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by Walter C. Uhler
Tuesday, Feb. 21, 2006 at 3:59 PM
Why, of course, the people don't want war...But, after all, it is the leaders of the country who determine the policy and it is always a simple matter to drag the people along, whether it is a democracy or a fascist dictatorship or a Parliament or a Communist dictatorship
[Democratic] voice or no voice, the people can always be brought to the bidding of the leaders. That is easy. All you have to do is tell them that they are being attacked and denounce the pacifists for lack of patriotism and exposing the country to danger. It works the same way in any country." --- Hermann Goering
Complete liberty of contradiction and disproving our opinion is the very condition which justifies us in assuming its truth for purposes of action; and on no other terms can a being with human faculties have any rational assurance of being right --- John Stuart Mill (from, On Liberty)
Although I normally waste little attention on the partisan, ill-informed, mean-spirited apologists for President Bush's illegal, immoral invasion and now incompetent, terrorist-incubating occupation of Iraq -- such as Bill O'Reilly, Rush Limbaugh, Sean Hannity, and most of our now discredited neocons -- I never question their right to air their often venomous propaganda. After all, I've accepted John Stuart Mill's arguments about the value of even bad ideas in the open marketplace of ideas.
However, following Mill, I must object whenever these right-wing extremists attempt to stifle open debate by resorting to the tactics so accurately described above by Hermann Goering. Unfortunately, a few days ago my attention was drawn to just such tactics spewing from the word processors at "Accuracy in Media" (AIM).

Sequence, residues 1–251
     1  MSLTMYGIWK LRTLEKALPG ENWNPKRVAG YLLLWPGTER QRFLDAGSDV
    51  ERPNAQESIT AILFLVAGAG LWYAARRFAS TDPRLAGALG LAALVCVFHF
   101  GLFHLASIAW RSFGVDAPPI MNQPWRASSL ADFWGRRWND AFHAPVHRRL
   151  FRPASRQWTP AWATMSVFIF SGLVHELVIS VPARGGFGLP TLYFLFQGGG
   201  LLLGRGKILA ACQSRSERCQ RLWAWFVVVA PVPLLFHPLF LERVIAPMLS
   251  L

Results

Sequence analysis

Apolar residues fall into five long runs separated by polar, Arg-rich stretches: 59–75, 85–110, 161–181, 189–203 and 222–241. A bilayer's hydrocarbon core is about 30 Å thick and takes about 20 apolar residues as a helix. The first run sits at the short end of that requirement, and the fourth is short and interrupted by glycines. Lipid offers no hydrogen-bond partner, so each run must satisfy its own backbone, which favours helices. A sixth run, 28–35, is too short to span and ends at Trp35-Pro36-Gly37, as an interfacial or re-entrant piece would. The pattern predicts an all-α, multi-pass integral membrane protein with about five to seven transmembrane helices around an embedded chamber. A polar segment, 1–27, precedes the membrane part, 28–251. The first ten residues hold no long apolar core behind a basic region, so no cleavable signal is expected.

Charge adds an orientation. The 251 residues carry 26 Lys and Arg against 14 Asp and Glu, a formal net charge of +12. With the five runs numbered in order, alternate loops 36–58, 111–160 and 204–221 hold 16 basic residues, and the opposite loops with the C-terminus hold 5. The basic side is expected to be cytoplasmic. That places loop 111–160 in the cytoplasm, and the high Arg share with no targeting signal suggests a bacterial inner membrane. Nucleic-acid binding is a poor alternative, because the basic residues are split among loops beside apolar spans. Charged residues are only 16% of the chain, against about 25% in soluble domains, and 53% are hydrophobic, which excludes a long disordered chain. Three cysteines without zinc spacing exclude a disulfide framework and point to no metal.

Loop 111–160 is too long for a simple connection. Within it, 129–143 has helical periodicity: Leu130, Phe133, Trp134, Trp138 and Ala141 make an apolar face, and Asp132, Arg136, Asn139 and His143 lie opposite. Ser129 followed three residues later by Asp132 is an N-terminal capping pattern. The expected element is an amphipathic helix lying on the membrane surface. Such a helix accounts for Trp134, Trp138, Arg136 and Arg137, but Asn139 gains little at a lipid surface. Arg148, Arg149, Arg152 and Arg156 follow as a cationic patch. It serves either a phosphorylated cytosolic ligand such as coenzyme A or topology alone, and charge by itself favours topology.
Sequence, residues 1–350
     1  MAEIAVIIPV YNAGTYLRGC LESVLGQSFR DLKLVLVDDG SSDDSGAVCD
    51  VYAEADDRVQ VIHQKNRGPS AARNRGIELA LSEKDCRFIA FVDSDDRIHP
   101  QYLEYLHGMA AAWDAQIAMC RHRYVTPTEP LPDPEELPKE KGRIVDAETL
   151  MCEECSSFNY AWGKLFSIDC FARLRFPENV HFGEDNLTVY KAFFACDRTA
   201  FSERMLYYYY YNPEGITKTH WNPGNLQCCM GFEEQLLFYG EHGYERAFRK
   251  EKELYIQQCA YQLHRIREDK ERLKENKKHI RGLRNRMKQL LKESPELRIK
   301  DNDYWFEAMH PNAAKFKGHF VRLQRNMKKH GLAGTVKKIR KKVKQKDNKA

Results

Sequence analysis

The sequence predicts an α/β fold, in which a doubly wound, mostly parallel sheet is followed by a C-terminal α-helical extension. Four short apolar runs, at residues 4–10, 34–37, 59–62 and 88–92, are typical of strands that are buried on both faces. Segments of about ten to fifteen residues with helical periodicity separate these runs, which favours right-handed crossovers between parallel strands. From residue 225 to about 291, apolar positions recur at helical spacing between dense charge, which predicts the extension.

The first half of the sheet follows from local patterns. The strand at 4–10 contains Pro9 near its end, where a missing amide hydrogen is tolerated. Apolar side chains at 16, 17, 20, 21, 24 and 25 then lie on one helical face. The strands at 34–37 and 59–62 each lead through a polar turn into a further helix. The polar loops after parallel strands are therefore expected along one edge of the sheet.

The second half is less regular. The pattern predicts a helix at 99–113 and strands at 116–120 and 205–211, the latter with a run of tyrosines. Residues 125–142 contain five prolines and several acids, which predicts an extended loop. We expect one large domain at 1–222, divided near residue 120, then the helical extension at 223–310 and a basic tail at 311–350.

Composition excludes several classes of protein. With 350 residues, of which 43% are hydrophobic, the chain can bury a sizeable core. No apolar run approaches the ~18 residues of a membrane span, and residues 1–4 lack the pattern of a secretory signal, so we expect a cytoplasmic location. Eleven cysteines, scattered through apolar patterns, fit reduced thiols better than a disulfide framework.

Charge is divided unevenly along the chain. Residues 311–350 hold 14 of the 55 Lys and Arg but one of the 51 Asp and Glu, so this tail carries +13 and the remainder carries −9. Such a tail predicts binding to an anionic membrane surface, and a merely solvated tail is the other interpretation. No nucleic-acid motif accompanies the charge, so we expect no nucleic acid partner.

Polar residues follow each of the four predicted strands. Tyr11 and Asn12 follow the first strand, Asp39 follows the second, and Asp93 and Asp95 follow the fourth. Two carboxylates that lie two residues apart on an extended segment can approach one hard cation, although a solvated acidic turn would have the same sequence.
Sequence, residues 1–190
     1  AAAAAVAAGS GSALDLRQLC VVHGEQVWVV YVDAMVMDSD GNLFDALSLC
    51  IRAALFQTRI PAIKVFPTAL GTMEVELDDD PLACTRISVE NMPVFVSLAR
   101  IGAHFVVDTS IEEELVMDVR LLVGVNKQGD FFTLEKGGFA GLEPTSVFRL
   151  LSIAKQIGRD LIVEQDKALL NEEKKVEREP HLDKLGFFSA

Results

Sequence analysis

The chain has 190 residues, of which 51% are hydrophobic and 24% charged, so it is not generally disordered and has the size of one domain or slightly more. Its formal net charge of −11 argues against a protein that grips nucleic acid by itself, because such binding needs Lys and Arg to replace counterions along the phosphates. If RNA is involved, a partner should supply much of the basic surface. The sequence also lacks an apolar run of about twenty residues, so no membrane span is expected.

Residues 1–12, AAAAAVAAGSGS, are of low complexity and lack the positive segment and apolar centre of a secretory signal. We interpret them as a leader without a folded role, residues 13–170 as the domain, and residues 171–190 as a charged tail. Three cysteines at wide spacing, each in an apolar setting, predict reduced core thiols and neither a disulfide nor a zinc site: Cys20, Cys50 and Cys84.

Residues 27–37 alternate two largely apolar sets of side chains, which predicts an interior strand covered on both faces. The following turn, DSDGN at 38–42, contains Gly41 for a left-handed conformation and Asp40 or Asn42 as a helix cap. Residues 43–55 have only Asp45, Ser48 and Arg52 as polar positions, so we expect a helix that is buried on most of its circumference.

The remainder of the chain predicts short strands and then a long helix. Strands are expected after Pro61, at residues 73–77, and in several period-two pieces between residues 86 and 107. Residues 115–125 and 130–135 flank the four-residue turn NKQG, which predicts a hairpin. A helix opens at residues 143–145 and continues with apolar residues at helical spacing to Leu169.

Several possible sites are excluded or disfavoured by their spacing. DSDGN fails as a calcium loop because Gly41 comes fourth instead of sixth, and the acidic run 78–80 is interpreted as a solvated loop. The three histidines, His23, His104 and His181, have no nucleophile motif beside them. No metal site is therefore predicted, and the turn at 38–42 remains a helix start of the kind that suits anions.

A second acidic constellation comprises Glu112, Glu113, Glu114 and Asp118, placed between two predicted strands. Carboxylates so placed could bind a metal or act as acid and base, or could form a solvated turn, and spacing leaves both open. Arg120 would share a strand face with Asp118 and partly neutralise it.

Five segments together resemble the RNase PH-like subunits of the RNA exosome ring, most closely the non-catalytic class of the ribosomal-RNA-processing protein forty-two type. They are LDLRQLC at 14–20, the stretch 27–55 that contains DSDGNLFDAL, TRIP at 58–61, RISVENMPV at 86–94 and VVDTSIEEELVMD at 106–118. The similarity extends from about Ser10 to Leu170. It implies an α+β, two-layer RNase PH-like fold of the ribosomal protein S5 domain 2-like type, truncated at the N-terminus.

"Accuracy in Media" is anything but; something I learned after the editor of Uruknet inadvertently vented frustrations to me about an egregiously erroneous and hypocritical AIM report - "Terrorists Target and Intimidate U.S. Media."
You see, I was attempting to discover why Uruknet had delayed publishing my latest article ("More Proof of Prewar Intelligence Manipulation by the Bush Administration). What I inadvertently learned was this: Not only was Uruknet once again being subjected to assaults by malevolent hackers who, apparently, disdain freedom of speech, but it also had suffered slander from Accuracy in Media, whose writers appear to share the hackers' illiberal disdain.
Although ostensibly an analysis of the media response to the bomb "that almost took the lives of ABC World News Tonight co-anchor Bob Woodruff and ABC cameraman Doug Vogt," AIM's report was little more than a deliberate attempt to stifle free speech.
Consider AIM's erroneous assertion: "A website devoted to the 'Iraqi resistance,' www.uruknet.info, openly declared in a matter of fact manner that 'An Iraqi resistance bomb exploded by an Iraqi puppet army column in the area of the northern Baghdad suburb of at-Taji, severely wounding American ABC TV news anchor Bob Woodruff and cameraman Doug Vogt who were traveling with puppet troops.'"
AIM also objected to the fact that, "Absolutely no remorse was expressed for the injuries to Woodruff and Vogt."
Now, I must admit that the phrase "puppet army," rang discordantly in my ear and certainly implied "no remorse" -- until I recalled the words of renowned conservative scholar, Zbigniew Brzezinski. Talking about the so-called transfer of sovereignty to an Iraqi government, Brzezinski asserted: "I think it's a good step in the right direction. But I would avoid using Orwellian language in describing it. This is not a transfer of power, a handover to a sovereign government. We are transferring limited authority to a satellite government [like the former East European satellites of the Soviet Union?], a satellite government that is still to establish its legitimacy and the longer we stay, the more difficult it will be before it to [sic] gain legitimacy."
Thus, "puppet army" might be the appropriate phrase after all.